Objective To investigate the association between invasive mechanical ventilation (IMV) duration and long-term neurodevelopmental outcomes in preterm infants in an era of restricted IMV. Design Retrospective cohort study. Setting Single neonatal intensive care unit in Amsterdam. Patients All ventilated patients with a gestational age between 24 and 30 weeks born between 2010 and 2015. Main outcome measures Neurodevelopmental impairment (NDI) at 24 months corrected age (CA). Data on patient characteristics, respiratory management, neonatal morbidities, mortality and bronchopulmonary dysplasia were collected. The relationship between IMV duration and NDI was determined by multivariate logistic regression analysis. Results During the study period, 368 admitted infants received IMV for a median duration of 2 days. Moderate and severe bronchopulmonary dysplasia was diagnosed in 33% of the infant. Multivariate regression analysis with adjustment for gestational age, small for gestational age and socioeconomic status showed a significant association between every day of IMV and NDI at 24 months CA (adjusted OR [aOR] 1.08, 95% CI 1.004 to 1.16, p=0.04). This association only reached borderline significance when also adjusting for severe neonatal morbidity (aOR 1.08, 95% CI 1.00 to 1.17, p=0.05). Conclusion Even in an era of restricted IMV, every additional day of IMV in preterm infants is strongly associated with an increased risk of NDI at 24 months CA. Limiting IMV should be an important focus in the treatment of preterm infants.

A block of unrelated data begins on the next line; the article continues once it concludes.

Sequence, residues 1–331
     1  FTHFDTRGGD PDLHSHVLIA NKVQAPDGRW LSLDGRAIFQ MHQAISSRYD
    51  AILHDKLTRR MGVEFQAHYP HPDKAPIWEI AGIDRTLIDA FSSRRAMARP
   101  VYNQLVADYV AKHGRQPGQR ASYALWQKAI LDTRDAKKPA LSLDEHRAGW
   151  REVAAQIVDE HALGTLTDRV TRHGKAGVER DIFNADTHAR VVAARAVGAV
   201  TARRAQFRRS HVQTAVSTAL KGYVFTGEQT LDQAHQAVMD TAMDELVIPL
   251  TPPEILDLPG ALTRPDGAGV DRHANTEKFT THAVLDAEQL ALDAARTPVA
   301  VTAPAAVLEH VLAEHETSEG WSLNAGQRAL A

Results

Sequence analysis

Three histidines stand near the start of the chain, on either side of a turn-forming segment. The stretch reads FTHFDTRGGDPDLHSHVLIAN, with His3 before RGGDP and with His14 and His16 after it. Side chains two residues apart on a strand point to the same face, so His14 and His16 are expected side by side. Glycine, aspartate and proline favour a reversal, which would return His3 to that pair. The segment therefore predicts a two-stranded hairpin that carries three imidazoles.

|Journal||Archives of Disease in Childhood: Fetal and Neonatal Edition|
|Publication status||Published - 1 Nov 2019|